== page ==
And when I realized all of this, I had to make a choice. Do I jump ship or not? And what would I do next? Should I look for another organization and do more of the same in a different context? Should I become better at what I do? Or should I do something totally different? I chose the latter. I decided not to recommit to one company, but to help organizations in the execution of their strategy by focusing on its human side. I saw it as a kind of sabbatical, a break in my career with the intention to acquire new experiences and relaunch or reinvent myself.
Becoming our best self is a mission that all of us should undertake.
Direction, balance, acceleration
And so I left in November 2017 and started my business in February 2018. The name of my business is Otolith. An otolith is the part in the inner ear of vertebrates that enables them to have a sense of direction, find balance and feel acceleration. And for me, that’s the essence of strategy. Leadership gives direction. Context provides balance. People accelerate.
If we cannot provide meaningful direction and create an organization that provides balance, people will not move. And we know that people are the source of both success and failure of any given strategy. People are at the heart of a successful strategy because they are the ones to execute it.
So now I work for organizations that are in need of a support to take a next step in their strategy execution. I like to see my services like an extra outboard engine. I join a company for the time and with the intensity that it needs.
One of my customers gave me the feedback that working with me feels like having an extra colleague. I take that as a complement because that’s what I want to do: be embedded within the organization to help. And in doing so I want to lead the way in the broad field of people strategies.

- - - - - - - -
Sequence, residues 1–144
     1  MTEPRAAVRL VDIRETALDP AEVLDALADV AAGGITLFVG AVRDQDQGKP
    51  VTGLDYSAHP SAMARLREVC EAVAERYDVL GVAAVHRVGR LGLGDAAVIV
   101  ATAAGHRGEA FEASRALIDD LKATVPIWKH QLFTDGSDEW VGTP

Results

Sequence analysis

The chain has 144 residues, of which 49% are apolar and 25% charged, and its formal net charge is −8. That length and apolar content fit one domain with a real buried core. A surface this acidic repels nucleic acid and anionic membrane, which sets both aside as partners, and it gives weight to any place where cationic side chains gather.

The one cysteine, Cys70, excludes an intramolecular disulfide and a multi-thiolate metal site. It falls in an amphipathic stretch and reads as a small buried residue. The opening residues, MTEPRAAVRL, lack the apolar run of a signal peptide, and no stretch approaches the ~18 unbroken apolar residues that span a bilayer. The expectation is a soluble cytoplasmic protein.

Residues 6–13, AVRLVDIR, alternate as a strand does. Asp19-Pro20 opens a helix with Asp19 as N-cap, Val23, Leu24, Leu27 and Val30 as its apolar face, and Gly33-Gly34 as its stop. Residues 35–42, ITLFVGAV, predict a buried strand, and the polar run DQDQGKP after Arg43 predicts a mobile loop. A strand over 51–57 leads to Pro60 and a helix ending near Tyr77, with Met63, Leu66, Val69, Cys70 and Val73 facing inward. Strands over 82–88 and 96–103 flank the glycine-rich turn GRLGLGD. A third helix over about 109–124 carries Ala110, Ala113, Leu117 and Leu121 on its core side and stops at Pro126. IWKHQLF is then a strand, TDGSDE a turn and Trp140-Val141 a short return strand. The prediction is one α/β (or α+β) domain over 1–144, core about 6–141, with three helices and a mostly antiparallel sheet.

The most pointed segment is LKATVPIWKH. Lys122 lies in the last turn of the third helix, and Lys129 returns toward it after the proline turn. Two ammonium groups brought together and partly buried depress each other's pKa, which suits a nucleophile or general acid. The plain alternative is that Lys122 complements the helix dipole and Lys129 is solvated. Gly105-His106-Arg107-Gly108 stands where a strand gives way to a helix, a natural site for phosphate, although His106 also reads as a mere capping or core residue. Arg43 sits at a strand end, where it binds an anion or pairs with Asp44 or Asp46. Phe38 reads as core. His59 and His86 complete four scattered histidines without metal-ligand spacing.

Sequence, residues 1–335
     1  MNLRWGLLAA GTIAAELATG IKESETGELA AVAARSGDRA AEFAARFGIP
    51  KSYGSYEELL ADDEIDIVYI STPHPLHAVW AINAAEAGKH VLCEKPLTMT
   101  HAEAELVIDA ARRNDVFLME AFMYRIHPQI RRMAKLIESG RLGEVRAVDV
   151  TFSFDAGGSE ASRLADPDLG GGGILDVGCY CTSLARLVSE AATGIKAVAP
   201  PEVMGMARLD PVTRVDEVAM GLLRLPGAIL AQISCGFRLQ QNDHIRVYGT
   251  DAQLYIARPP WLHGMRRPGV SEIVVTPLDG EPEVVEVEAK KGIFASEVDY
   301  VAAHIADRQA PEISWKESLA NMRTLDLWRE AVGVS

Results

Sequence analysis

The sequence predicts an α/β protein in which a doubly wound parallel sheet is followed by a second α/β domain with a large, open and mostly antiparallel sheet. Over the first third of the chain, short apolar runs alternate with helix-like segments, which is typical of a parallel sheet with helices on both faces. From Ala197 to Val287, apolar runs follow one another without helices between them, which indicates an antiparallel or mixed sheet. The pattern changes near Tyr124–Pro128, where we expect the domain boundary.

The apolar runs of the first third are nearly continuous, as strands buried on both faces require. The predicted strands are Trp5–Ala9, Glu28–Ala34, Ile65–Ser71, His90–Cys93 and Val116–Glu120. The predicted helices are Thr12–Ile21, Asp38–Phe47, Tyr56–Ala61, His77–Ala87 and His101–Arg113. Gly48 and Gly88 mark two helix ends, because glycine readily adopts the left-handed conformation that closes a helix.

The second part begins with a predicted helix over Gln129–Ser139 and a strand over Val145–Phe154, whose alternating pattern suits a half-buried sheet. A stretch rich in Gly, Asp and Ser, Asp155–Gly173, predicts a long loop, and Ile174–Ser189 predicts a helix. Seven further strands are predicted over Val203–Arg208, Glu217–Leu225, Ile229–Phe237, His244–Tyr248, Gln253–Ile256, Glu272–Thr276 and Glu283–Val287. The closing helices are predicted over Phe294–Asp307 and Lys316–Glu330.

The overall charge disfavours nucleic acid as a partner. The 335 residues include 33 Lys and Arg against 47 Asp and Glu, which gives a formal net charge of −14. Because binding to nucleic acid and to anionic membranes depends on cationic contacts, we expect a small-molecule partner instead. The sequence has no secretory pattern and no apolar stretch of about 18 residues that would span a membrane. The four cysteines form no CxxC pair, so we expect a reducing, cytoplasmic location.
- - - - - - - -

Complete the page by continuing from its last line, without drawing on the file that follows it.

The Two questions
When becoming an independent advisor after having enjoyed the corporate comfort for a quarter of a century, there are two important questions to raise.
The first question is if whether or not you like the new constellation. And the second question is whether or not you are able to raise enough income to live. I had planned to answer these questions in that order during two consecutive business years.
As the end of the first year approaches, it is time to answer the first question. The answer is yes. I feel alive. And even though I really miss the people I have worked with and for, the decision to leave was the right one. The journey so far has been tremendous. I have met many people, done quite a few projects and have acquired new skills. In terms of my sustainable employability this year was very successful. It’s not that there weren’t any difficulties or moments of doubt. Of course there were and there will be other moments of doubt. But even if I would have to answer the second question negatively, the experience trumps the uncertainty.
Regularly I am contacted to discuss other opportunities. Usually these involve joining a company again. I admit I am sometimes tempted. I always listen as I have never excluded a return to corporate life. But when I would do this, I will only do it for a meaningful and challenging project that enables me to use my skills, enjoy autonomy and become a member or a leader of a great and trusting executive team. Wasn’t there a theory of motivation that explains this?
I’d like to thank everybody who has supported me in this first year, especially my wife and children. But also the many people – friends, old and new colleagues – who have reached out to help me along the way. Your kindness humbles me.
In one of my next blogs I will talk about my lessons learned.